“We’re a close family, doctor,” Mrs. Easton explained needlessly. I could see that in their body language, Mr. Easton’s hand on his wife’s shoulder, she stroking her son’s head, the sisters still holding their brother’s hands.

I blew on my tea to cool it and bit into a cheesy scone, which didn’t taste as good as I expected.

“Angus,” I began. “I want to be completely honest. You have a tumor of the pineal gland, which is right in the centre of the brain.”

Dead silence ensued.

“What’s the prognosis?” Mr. Easton asked gruffly.

“Not at all good, I’m afraid,” I said reluctantly.

“You mean I won’t be taking over the farm from Dad?” he asked, only half-joking.

I put the scone on the blue willow-patterned plate. I had no right to eat it. “You won’t be here next year at this time,” I said gently. I couldn’t bring myself to say that he wouldn’t make Christmas.

I didn’t turn in the direction of the stifled sob from his father.

“That knock on the head—” Mrs. Easton began.

“—Caused a hemorrhage,” I finished.

“He’s always been healthy. We’d have noticed,” cried the distraught elder sister.

“You could very well be wrong,” Mr. Easton said. I know he didn’t intend the remark to sound so rude.

“Please feel free to request a second opinion. I don’t mind in the least. In fact, I sincerely hope I’m proven wrong,” I said, and meant it.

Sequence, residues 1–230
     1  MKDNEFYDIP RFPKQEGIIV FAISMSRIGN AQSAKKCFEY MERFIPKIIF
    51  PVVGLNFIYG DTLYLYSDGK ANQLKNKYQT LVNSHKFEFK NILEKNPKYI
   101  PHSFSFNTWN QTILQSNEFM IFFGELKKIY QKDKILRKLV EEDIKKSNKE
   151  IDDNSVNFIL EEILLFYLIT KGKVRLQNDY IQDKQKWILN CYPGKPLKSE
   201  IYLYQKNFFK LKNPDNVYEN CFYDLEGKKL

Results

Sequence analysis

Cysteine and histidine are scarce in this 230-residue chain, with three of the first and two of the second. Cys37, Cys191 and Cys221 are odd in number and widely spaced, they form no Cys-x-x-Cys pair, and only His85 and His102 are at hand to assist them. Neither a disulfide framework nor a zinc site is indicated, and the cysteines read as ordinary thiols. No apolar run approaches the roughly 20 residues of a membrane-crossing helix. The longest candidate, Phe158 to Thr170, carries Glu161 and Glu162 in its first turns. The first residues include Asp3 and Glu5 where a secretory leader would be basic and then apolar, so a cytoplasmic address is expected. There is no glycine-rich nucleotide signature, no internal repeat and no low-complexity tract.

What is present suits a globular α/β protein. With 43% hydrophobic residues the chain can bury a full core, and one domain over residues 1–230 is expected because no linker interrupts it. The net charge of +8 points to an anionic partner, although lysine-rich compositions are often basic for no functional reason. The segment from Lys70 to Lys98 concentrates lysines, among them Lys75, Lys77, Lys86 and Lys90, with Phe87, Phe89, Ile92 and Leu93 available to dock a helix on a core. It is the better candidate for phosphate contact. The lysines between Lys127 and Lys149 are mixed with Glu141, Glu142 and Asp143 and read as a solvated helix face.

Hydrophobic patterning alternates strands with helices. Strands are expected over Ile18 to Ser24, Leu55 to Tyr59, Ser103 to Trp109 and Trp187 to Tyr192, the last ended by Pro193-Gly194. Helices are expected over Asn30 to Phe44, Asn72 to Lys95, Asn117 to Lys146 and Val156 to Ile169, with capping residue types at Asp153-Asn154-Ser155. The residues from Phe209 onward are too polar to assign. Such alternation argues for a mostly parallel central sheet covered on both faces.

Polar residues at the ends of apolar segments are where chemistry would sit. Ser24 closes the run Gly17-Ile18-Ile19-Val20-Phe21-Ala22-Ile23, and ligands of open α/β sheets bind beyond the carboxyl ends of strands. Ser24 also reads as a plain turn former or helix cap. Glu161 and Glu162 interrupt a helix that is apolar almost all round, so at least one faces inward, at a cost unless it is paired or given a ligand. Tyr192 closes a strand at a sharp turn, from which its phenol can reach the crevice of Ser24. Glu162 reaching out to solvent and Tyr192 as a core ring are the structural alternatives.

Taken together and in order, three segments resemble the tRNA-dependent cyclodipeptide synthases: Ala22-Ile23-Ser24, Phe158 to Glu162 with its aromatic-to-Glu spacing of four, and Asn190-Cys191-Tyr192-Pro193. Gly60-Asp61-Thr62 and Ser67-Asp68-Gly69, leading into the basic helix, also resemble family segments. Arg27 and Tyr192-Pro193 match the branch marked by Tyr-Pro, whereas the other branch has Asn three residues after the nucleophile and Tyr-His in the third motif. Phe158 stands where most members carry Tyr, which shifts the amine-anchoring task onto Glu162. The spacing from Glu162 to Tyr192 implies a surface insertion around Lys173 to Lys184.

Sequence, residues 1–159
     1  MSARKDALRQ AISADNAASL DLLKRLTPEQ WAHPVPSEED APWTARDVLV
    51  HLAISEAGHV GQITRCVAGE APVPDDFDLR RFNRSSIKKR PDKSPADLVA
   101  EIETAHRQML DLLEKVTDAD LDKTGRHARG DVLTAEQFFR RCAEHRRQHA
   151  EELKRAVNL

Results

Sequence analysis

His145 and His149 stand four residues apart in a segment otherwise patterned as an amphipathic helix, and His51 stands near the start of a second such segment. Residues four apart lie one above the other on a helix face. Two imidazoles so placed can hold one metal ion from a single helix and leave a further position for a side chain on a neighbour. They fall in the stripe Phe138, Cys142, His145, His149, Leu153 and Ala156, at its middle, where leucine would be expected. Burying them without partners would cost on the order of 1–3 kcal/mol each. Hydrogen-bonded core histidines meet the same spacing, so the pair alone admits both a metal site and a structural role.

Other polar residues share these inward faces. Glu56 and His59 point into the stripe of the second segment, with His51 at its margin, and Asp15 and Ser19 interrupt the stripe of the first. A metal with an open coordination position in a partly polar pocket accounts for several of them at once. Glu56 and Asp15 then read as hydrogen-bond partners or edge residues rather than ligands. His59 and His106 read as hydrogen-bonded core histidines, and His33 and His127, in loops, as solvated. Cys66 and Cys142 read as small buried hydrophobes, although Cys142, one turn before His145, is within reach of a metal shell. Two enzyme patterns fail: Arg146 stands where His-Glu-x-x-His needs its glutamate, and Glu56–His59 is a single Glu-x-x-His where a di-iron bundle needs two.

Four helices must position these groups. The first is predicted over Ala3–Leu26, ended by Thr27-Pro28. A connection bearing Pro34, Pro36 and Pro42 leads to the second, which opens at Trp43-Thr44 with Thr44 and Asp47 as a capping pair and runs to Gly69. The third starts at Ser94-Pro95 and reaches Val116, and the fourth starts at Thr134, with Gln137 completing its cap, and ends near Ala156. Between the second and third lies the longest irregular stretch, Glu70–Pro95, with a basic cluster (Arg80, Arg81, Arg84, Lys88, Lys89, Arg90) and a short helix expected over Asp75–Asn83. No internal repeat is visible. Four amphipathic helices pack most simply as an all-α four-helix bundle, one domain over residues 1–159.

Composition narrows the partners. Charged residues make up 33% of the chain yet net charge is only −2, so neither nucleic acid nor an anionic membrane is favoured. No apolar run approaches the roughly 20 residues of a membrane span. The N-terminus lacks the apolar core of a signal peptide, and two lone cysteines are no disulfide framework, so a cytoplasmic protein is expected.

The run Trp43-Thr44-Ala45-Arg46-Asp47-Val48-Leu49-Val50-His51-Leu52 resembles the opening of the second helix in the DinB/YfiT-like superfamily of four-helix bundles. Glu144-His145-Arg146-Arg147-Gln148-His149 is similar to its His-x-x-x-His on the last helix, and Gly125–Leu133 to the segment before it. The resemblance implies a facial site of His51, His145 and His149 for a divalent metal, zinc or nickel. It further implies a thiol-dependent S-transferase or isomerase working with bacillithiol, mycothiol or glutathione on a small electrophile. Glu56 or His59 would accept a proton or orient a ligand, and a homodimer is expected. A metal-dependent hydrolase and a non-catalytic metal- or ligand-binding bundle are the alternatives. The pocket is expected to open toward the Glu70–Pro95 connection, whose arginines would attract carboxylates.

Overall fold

Angus had not said a word.

“I’m sorry, Angus,” I said.

“Thank you, Dr. Grimely,” he said softly.

I’ll never forget the look of incredible relief on that face.

“Don’t hesitate to ring me at any hour, Angus,” I said, preparing to leave the family alone.

Pulling away from the house, I grieved that Angus would not see another cycle of those glorious elms. His relieved expression appeared before me. Terminally ill people prefer honesty. If they do not, they are usually in denial—something that most certainly did not apply to Angus.

I saw quite a lot of the poor child for the rest of his short life. We got him all sorts of radiotherapy, which did absolutely no good and made him lose his beautiful silky blond hair.

One day I went out to the farm. Angus had lost his sight. His younger sister sat on the bed, one leg up and the other on the edge of a chair. She stroked his face while he talked on the telephone. The room was fairly large, conveniently, as it would soon accommodate the various paraphernalia required to keep Angus at home until the end. A signed photograph of a rugby star had pride of place on the dresser. Into a corner of the frame, his father had thrust a small photograph of a healthy Angus playing rugby.

“No sir, pine is fine,” Angus said into the telephone. “I don’t want a lot of money spent on it.” His sister whispered something in his ear. “Please ring me back tomorrow,” he said. “The doctor’s just arrived.”

“How are you feeling today, Angus?” I asked as he replaced the receiver.